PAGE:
Combined grade and nuclear grade are prognosis predictors of epithelioid malignant peritoneal mesothelioma: a multi-institutional retrospective study
Virchows Archive 2021 June 24 [Link]
Nazim Benzerdjeb, Peggy Dartigues, Vahan Kepenekian, Séverine Valmary-Degano, Eliane Mery, Gerlinde Averous, Anne Chevallier, Marie-Hélène Laverriere, Irène Villa, Françoise Galateau Sallé, Laurent Villeneuve, Olivier Glehen, Sylvie Isaac, Juliette Hommell-Fontaine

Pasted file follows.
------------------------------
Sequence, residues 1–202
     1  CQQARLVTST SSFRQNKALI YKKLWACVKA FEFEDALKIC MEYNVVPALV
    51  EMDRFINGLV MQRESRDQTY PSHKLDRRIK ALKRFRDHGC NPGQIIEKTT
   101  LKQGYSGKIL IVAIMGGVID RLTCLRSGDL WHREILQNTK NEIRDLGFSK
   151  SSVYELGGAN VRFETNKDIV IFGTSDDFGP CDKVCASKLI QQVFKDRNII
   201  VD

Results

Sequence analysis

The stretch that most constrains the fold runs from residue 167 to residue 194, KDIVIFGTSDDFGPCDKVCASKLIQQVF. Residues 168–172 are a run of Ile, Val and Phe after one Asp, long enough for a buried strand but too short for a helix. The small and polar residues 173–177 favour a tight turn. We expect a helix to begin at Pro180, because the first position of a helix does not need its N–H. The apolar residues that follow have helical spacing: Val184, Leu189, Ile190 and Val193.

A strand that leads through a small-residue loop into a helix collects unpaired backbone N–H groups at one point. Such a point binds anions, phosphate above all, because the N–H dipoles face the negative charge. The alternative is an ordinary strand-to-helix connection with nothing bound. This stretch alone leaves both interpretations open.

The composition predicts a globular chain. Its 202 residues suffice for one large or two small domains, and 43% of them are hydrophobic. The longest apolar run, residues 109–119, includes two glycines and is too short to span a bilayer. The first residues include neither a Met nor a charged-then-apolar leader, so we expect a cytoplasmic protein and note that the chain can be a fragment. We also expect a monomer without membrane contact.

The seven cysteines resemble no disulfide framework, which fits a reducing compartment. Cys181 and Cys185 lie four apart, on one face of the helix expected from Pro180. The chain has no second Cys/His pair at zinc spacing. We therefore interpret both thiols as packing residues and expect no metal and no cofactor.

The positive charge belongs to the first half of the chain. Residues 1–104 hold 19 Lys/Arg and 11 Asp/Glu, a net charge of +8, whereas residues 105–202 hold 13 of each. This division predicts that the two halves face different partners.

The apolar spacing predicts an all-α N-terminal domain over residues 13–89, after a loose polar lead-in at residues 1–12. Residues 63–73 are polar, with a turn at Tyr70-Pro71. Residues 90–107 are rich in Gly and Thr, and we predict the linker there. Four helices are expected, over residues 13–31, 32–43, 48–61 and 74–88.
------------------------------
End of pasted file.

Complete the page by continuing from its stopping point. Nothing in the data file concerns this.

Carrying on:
Epithelioid mesothelioma is the most prevalent subtype of diffuse malignant peritoneal mesothelioma. A recently described nuclear-grading system predicted survival in patients with epithelioid malignant pleural mesothelioma. The present study was undertaken to validate this grading system in epithelioid malignant peritoneal mesothelioma (EMPM) and to compare to combined grade, including nuclear atypia, mitotic count, and tumor necrosis. Cases of EMPM, from 1995 to 2018, were analyzed from 7 French institutions from RENAPE network. Solid growth, tumor necrosis, nuclear atypia, and mitotic count were evaluated by at least 3 pathologists from the RENAPATH group. The predictions in terms of OS and PFS of nuclear grade and combined grade were analyzed. Nuclear grade was computed combining nuclear atypia score and mitotic count into a grade of I-III. Another system combining nuclear atypia score, mitotic score, and tumor necrosis was evaluated and defined as a combined grade I-III. A total of 138 cases were identified. The median follow-up was 38.9 months (range: 1.1-196.6). Nuclear and combined grades III were independently associated with a shorter OS (p < 0.05), and a shorter PFS (p < 0.05). Patients with combined grade I tumors had the best overall and progression-free survivals, in comparison to nuclear grade I. In this large multicentric study, combined grade and nuclear grade were the best independent predictors of OS and PFS in EMPM. These systems should be easily described by pathologists involved into the management of malignant peritoneal mesothelioma, because of their potential therapeutic implications.